NEWTON, Iowa, Oct. 10, 2017 – U.S. Senator Chuck Grassley defended the biodiesel industry Tuesday at Renewable Energy Group’s biodiesel plant in Newton, Iowa.

“(EPA chief Scott Pruitt) knew the importance of biofuels and that it was a big issue during the Presidential election in the Midwest and he was going to follow the president’s lead on it,” the Iowa Republican said during a news conference and before an audience of industry officials and farmers. “He’s not following the president’s lead and that’s why we have problems to work out.”

Grassley was referring to the notice EPA released late last month seeking input on a proposal to cut the 2018 volumes of biodiesel to be blended with the nation’s gasoline supply under the federal Renewable Fuels Standard by 315 million gallons from the 2018 number that has already been proposed.

“He (Pruitt) is proposing changes that would roll back some of our success and cut back on the use of biofuels, especially biodiesel,” said Ron Heck, a soybean farmer and member of the Iowa Biodiesel Board.

Those successes began in the 1990s and continued through 2005, when the RFS was enacted, and beyond. Iowa Biodiesel Board Executive Director Grant Kimberley said decades ago, the biodiesel market was only 500,000 gallons. By 2016, it had grown to 2.9 billion gallons.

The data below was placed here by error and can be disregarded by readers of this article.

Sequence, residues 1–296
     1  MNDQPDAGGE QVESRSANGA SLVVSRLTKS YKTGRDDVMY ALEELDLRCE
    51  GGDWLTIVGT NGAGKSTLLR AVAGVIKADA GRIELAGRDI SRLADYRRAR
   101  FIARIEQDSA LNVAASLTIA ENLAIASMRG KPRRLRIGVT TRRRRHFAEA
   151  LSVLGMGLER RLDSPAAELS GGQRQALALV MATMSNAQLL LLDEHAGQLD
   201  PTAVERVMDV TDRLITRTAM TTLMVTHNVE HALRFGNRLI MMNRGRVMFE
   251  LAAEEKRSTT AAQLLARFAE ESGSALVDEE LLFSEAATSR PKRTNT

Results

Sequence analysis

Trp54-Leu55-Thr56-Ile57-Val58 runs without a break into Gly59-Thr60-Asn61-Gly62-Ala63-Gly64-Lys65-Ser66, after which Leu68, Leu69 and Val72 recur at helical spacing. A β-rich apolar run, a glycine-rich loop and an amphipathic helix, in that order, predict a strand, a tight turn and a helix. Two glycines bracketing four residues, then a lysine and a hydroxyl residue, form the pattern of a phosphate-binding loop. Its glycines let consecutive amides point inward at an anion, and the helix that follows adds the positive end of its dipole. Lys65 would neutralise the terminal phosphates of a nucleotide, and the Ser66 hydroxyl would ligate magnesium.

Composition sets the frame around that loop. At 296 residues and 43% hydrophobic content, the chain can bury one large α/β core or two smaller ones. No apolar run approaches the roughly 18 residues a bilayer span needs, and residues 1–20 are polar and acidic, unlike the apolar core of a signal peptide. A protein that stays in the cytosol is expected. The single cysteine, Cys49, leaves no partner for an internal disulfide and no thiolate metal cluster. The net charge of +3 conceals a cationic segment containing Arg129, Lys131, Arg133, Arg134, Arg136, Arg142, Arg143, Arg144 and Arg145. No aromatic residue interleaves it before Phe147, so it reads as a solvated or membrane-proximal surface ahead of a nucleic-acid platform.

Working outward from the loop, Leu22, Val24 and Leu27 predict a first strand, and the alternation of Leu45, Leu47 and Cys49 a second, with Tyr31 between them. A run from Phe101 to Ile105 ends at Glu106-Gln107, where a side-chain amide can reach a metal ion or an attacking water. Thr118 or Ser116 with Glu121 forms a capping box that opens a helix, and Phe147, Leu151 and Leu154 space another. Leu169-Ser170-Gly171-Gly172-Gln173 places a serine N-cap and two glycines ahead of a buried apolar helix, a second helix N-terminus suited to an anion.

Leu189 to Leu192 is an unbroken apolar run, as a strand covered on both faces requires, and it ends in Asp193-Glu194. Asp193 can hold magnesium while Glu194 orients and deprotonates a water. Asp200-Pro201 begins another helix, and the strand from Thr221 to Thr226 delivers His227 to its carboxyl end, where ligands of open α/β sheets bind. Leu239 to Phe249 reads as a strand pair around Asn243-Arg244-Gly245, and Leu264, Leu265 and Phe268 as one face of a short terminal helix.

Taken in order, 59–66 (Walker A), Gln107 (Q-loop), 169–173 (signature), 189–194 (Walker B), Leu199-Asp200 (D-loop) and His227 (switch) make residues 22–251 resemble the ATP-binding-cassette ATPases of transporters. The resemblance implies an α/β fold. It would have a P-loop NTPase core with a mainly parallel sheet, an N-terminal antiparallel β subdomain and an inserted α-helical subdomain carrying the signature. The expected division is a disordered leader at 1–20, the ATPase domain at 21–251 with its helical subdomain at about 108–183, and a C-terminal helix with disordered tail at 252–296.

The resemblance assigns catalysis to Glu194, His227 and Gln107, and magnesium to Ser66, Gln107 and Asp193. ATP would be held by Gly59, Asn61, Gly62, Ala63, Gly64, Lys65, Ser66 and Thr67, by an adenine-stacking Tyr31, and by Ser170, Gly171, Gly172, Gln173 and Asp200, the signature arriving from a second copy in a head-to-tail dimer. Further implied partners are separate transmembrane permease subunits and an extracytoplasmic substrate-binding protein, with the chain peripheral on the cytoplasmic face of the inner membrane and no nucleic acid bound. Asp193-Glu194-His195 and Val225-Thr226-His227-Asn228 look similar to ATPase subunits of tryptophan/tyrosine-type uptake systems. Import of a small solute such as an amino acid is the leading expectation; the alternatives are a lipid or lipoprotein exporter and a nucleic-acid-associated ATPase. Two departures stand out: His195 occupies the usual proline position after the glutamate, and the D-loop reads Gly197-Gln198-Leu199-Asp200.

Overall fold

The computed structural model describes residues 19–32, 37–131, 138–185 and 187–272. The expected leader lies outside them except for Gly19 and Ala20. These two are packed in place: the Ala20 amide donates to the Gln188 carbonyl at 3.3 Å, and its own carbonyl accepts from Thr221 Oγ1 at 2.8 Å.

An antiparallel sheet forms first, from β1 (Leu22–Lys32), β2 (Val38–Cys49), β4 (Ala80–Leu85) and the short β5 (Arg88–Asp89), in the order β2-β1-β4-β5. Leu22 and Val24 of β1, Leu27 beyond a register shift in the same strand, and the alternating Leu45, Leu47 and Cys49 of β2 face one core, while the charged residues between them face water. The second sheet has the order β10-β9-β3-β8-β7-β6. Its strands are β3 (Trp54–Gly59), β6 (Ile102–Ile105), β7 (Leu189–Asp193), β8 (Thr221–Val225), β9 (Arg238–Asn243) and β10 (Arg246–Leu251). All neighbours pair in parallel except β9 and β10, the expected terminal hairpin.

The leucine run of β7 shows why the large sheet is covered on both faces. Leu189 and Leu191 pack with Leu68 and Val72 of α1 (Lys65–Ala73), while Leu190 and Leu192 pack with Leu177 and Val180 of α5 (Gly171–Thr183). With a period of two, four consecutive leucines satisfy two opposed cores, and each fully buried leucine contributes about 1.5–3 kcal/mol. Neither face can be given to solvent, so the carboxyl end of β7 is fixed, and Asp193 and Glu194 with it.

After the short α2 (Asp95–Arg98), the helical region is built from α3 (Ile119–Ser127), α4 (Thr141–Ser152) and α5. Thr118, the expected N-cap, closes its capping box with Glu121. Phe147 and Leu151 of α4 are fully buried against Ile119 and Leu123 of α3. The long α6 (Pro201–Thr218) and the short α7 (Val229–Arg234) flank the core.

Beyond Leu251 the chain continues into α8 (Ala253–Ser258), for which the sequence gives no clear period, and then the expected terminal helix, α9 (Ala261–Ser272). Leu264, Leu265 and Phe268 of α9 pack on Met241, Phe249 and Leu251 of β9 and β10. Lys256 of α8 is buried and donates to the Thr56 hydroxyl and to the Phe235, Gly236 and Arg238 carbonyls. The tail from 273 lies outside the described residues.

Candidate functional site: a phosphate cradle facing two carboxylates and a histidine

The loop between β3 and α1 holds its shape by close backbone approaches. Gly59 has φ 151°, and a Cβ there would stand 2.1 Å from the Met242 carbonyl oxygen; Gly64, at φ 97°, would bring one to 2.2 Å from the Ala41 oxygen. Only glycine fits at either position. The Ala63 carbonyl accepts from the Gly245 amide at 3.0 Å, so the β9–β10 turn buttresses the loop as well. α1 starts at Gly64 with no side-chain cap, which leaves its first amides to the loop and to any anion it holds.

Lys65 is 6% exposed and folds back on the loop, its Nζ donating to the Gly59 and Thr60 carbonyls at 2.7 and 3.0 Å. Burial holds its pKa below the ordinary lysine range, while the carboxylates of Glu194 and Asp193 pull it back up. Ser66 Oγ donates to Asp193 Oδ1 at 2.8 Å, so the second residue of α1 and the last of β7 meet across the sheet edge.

Kimberley said if the mandated volumes of biodiesel were to be reduced, it would cost jobs all across U.S. agriculture and in related industries.

“I don’t think that is what President Trump wants for rural America, the very same people who got him elected,” Kimberley said. “It is discouraging to see this regression from the administration’s EPA and urge them not to buckle to big oil.”

In addition to the Iowa Soybean Association members, the Iowa Corn Growers Association and biodiesel producers attended the event.

Brad Albin, vice president of manufacturing for Renewable Energy Group, praised Grassley for bringing attention to the EPA proposal.

“From our very beginning Senator Grassley has been the federal policy leader for biodiesel and renewable fuels,” Albin said.

The farm-state senator also vowed to renew the biodiesel tax credit which expired in 2016. In addition, he said he would also like to change it from a blenders’ tax credit to a producers’ tax credit.

“I hope congress will enact a multiyear production credit during consideration of tax reform this fall,” Grassley said. “I also (will continue to) maintain the integrity of the Renewable Fuels Standard.”

Grassley and other Midwest senators, including Iowa Republican Joni Ernst, have a meeting scheduled with Pruitt Oct. 17.


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